Micro Off-Roader: 1967 Ferves Ranger

1967-ferves-ranger

We love rare and unusual cars. There is just something about stumbling onto a car you’ve only heard rumors of. This little Fiat we came across while browsing the internet, might be one of the most unusual vehicles we have ever seen. It was designed to fill a niche that to be honest we didn’t know needed to be filled, but we are glad someone tried. This niche was the off-road micro car market, while there might be some humor in that statement, we are being serious. Take a look at this oddball here on eBay, but just a heads up, this one is in Germany.

ferves-ranger-interior

We can’t imagine what the thought process was when the people at FERVES, that’s short for Ferrari Veicoli Speciali (yes that’s Ferrari as in the exotic car company) decided to create this mini off-roader. We imagine it went something like this, “Micro car, good. Off-Roader, good. Micro Off-Roader, great!” We aren’t so sure if it was a great idea, but it certainly was one of the most unique micro cars ever produced. Given that there were only about 800 ever built, we are going to assume that the rest of the world questioned the idea as well.

1967-fiat-ranger

The Ranger, like many small Italian micro cars of the era was based on Fiat’s popular 500. Ferrari’s ties to Fiat helped motivate its inception and construction. It used the 500’s twenty horsepower two-cylinder motor, which let the two wheel drive model reach a top speed of about 45 mph. Top speed dropped a few mile per hour on the 4×4 version. Yes you read that correctly, this was offered with four wheel drive in later models. Sadly, this one is an early example and lacks four wheel drive, but it does have removable suicide doors and fold down windscreen.

ferves-ranger

This is one of those cars that no matter how impractical and odd it seems, you just can’t help but love it. We aren’t sure what it will take to restore this one, but given how simplistic it is we would assume it will be a straight forward project. Since it uses a standard Fiat engine, parts for the motor should be much simpler and cheaper to find than other micros. Some of the parts that are unique to the Ranger might be a challenge to locate though. That being said, we would still love to have this little project. We thought the photo above might give you some inspiration of what this could look like after applying some elbow grease.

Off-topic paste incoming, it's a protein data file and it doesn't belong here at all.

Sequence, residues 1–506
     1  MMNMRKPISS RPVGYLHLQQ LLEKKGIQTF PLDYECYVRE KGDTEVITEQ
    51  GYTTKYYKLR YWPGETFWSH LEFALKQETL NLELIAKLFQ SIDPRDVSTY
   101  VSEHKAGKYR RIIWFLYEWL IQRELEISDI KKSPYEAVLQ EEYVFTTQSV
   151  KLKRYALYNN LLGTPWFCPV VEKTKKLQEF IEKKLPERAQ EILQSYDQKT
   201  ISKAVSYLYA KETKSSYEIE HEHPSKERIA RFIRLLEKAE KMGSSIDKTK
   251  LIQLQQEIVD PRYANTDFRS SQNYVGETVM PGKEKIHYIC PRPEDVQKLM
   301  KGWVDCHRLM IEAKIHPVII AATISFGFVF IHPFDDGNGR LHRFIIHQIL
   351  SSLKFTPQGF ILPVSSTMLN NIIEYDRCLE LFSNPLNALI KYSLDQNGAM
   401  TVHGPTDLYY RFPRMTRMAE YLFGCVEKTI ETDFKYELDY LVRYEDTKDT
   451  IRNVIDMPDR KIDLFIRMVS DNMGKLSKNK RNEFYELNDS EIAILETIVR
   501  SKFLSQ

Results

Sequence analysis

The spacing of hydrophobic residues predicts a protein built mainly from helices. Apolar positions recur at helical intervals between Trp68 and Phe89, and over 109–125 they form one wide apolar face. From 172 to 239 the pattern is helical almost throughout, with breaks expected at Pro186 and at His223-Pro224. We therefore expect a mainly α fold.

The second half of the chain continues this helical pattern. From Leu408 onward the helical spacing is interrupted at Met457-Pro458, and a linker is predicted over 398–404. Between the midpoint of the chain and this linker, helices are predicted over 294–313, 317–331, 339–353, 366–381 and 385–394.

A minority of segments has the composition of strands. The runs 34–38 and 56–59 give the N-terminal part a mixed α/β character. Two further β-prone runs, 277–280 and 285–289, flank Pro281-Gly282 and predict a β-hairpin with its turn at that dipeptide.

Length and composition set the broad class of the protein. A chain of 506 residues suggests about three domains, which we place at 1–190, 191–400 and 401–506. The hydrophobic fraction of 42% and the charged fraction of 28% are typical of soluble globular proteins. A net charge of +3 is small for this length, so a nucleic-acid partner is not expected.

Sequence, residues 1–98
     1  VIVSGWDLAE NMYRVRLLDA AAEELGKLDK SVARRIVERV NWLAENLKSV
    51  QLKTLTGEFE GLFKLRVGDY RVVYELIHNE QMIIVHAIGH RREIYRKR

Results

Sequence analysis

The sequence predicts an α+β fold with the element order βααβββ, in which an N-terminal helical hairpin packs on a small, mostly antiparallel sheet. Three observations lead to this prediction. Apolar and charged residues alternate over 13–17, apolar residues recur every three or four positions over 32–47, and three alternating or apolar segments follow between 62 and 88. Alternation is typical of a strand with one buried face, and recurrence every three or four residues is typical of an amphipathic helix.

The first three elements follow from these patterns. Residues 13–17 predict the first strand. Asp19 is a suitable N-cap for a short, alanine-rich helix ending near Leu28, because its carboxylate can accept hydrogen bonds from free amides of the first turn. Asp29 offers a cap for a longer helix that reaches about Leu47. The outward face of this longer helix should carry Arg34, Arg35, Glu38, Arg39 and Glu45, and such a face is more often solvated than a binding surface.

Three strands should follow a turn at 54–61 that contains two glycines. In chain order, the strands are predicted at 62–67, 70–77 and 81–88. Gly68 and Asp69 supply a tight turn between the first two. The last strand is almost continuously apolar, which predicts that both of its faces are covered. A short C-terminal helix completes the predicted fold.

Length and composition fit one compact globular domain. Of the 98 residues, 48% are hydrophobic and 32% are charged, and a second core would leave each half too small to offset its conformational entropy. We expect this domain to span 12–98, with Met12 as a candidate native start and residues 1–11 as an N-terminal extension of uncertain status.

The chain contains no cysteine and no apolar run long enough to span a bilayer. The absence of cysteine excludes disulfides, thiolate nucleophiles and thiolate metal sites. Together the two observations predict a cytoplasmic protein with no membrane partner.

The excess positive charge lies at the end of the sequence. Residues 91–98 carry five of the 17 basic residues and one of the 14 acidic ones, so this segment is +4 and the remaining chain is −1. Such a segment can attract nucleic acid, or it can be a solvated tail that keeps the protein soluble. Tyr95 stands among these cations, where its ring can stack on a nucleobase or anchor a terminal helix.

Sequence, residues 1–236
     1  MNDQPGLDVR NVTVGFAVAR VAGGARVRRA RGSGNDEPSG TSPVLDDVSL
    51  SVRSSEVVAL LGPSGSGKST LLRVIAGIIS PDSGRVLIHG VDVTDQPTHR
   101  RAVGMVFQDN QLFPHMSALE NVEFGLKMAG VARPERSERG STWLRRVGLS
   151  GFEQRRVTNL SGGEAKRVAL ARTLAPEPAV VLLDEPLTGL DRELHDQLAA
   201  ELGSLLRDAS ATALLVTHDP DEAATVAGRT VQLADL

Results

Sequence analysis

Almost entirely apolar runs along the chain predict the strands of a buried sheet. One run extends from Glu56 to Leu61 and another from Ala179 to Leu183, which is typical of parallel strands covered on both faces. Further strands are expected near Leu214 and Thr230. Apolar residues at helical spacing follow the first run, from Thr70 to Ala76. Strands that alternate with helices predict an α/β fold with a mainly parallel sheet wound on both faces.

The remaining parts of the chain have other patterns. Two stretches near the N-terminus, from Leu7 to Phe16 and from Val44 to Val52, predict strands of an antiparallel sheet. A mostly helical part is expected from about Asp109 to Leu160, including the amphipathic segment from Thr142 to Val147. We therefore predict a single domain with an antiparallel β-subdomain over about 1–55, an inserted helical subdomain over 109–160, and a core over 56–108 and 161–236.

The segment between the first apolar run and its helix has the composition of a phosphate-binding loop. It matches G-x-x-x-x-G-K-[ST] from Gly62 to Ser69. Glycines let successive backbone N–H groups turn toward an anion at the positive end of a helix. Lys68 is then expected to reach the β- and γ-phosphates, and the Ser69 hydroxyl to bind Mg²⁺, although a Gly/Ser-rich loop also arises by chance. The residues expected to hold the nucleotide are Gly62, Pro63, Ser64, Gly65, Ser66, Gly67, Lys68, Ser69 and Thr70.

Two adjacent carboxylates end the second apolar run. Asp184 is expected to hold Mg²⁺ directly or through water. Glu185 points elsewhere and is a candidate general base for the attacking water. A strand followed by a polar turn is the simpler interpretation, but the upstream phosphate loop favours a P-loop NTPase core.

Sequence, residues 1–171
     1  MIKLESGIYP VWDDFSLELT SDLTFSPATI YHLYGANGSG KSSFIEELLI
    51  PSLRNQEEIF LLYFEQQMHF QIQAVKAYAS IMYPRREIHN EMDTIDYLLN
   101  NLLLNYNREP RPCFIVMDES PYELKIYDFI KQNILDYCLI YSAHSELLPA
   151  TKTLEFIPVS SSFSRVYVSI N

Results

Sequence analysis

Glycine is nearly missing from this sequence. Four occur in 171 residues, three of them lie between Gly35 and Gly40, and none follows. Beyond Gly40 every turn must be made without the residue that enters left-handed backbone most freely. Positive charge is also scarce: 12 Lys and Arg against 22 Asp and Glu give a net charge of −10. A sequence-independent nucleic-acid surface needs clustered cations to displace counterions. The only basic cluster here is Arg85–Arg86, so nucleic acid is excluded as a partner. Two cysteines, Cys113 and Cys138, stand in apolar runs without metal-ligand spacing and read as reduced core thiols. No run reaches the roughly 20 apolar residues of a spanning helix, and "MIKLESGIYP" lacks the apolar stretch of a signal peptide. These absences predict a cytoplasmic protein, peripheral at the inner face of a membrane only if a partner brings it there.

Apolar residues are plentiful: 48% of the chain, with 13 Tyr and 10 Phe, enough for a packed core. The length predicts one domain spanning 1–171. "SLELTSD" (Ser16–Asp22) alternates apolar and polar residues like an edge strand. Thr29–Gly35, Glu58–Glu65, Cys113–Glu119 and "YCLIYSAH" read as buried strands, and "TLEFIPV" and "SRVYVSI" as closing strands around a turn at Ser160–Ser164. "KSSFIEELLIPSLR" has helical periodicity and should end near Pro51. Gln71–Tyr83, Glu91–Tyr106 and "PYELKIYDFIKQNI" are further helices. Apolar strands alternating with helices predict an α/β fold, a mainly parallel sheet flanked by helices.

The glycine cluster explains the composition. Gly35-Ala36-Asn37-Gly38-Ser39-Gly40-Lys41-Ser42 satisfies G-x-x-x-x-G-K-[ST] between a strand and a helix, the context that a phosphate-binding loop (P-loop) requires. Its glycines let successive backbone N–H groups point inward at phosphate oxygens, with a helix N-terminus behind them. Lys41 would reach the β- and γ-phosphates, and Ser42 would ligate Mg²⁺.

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Comments

  1. Don Andreina

    What the? Barnfinds, you’ve done it again. Never, ever seen or heard of these. Awkward, but so frigging cute. Top find, Josh.

  2. scottski

    That would have been my kind of car show.

    • rancho bella

      wow…..look at all the trucks……..heaven on wheels

      • paul

        I just want to know one thing RB, was it you that grabbed that loti europa in a rancho bella minute.

  3. Wiley Robinson

    I know somebody who’s got one of those – and enough other stuff to fill this page for at least a couple of years :)

  4. Rolly Doucet

    That could be a monster truck for Mr. Bean.

  5. William Holt

    Man, I’d love to have one of these. Looks like someone built a Mule back before anyone ever thought of them. Niche??? May have been a niche back then but a lot of manufacturers are currently making a ‘version’ of this vehicle. This things would sell like crazy these days, especially if it’s street legal. Look how many people purchase what are basically heavily built 4×4 utility go carts. I could easily put this little car to use on the deer lease, hauling feed, etc. Too bad it’s so far away.